My cat’s got no nose

Actually he’s suffering from coughing fits, lack of appetite and lethargy (but that’s irrelevant to the story) and my current vet isn’t making an accurate diagnosis. We’ve had several consultations which all require payment usually £20, boxes of expensive cat food for sensitive stomachs at £1 a pouch (Co-op 30p), an x ray (£200), an injection (£35) and a series of blood test (£77). In total we’re approaching £500 but he’s not getting to the root of the problem.

What would you do if your child wasn’t getting the right diagnosis? You’d ask for a referral to a hospital or maybe a second opinion. You might even ask to see your child’s medical records. But what do you do with a cat? There is no cat hospital and as far as I know there are no specialists or consultants who take over where vets get stuck.

I asked the vet for my cat’s medical history so I could transfer to another vet. He said no. Obviously Data Protection Act doesn’t apply here as I know only too well but who owns my cat’s medical records. Could it be the cat? Is it me or is it the vet? I can’t try Freedom of Information although it would catch doctors so exactly how do I get my cat’s personal data? Is it in the gift of the vet? And if he feels that it would affect his commercial interest if he let a captive cash cat move to another provider can he just say no? Who has any rights here? I might have encountered a grumpy old vet but can I appeal to the commissioner? Which commissioner?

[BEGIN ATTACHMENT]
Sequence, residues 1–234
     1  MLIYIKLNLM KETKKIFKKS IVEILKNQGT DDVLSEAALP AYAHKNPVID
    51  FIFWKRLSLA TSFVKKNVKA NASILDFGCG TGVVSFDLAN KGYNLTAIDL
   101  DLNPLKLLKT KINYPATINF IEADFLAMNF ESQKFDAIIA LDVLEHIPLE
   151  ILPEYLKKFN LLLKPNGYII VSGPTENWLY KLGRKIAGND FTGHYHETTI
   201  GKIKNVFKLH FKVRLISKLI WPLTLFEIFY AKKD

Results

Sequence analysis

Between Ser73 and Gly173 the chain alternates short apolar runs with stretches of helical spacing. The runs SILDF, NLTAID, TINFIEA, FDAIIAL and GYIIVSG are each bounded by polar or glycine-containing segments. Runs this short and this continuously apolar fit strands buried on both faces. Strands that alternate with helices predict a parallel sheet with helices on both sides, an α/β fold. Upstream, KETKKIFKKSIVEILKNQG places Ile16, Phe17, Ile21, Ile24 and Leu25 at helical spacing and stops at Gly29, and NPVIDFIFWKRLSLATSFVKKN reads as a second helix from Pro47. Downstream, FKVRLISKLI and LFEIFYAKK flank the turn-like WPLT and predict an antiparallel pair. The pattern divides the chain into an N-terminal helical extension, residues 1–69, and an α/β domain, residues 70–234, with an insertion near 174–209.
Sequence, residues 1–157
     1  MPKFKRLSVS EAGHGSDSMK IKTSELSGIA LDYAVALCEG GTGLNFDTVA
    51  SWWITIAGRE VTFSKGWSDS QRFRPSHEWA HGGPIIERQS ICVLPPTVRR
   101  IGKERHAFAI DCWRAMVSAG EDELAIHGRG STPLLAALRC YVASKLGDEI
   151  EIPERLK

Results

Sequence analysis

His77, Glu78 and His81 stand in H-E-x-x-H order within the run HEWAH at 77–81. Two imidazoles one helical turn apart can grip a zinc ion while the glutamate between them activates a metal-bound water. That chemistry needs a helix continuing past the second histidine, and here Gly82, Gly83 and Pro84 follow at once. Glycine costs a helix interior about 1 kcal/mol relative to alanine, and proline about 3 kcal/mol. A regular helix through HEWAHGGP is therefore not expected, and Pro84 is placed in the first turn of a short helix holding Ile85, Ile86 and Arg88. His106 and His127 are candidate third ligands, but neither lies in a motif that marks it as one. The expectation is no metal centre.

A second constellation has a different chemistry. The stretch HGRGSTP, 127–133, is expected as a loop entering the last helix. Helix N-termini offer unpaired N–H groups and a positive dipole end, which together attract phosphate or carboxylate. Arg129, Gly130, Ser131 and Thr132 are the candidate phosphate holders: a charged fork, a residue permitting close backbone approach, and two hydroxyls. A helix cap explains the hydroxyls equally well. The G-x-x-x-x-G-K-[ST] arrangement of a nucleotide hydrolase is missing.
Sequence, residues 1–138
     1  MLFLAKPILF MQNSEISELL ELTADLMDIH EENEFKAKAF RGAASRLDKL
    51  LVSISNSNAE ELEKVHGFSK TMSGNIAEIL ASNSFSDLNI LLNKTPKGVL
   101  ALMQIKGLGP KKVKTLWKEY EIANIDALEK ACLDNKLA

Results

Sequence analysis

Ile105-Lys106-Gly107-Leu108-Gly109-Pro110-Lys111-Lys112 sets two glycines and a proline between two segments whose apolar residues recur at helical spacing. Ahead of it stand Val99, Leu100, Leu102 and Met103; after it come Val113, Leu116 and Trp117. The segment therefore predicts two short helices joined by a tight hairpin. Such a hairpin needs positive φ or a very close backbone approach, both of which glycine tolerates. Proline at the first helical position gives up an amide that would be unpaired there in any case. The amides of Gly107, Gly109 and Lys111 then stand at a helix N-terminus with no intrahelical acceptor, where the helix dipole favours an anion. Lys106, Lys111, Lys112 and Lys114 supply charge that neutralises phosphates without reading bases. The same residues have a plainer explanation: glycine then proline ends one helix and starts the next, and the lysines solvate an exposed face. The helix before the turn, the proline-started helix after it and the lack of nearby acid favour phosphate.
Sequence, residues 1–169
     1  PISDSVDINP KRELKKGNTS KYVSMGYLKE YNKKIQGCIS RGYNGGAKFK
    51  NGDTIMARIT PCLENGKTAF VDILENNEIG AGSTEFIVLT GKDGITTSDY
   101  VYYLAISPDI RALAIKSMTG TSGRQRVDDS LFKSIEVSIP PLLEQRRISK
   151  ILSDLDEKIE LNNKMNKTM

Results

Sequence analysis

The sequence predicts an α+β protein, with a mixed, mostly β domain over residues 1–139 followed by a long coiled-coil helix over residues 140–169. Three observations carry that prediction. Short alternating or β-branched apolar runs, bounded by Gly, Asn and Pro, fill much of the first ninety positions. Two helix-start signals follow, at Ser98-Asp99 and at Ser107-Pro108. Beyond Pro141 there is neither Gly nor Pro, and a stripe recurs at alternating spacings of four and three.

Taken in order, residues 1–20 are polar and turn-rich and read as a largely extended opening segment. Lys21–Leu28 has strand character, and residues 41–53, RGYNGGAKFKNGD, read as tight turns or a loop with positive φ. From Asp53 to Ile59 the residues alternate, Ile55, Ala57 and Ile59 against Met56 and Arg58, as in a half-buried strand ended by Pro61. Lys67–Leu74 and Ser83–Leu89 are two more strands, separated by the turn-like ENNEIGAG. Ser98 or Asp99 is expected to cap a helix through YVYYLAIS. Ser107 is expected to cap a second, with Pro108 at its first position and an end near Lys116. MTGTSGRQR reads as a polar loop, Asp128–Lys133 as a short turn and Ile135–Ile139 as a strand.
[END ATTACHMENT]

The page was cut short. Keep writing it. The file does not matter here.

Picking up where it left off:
Meanwhile my cat is wasting away. I have no confidence in his current medical practitioner but cannot move to another. I can’t access his data; I can’t use any law to force handover of the data. It’s a catastrophe.

Answers please (and awful puns) to info@actnow.org.uk with Tiddles in the subject line.

This entry was posted in Data Protection, Transparency and tagged , . Bookmark the permalink.

4 Responses to My cat’s got no nose

  1. Eric Stone says:

    Very interesting and possibly amuing (a mew sing), however from a legal point of view you have paid for the service, so I would have thought, much as with an accountants or or any other private consultants / specialists work you are entitled to a copy of the findings? Do Vets have a registration form in which you sign away your rights to written reports on youe ‘pets’ health? Surely you register, not your pet? Therefore are oyu not the Data Subject?

  2. Mark Allen says:

    Does anyone else have the same problems? You may need to conduct some covert surveillance to find out though and I’m not sure how this fits in with RIPurr.

  3. Phil Bradshaw says:

    Code of conduct says the records belong to the vet but

    Copies with a summary of the history should be passed on request to a colleague taking over the case.

    and

    At the request of a client, veterinary surgeons must provide copies of any relevant clinical records; this includes relevant records which have come from other practices, if they relate to the same animal and the same client …

    So a complaint to RCVS may be in order.

    http://tinyurl.com/82as9w3

  4. Pingback: The Cat came back | Blog Now

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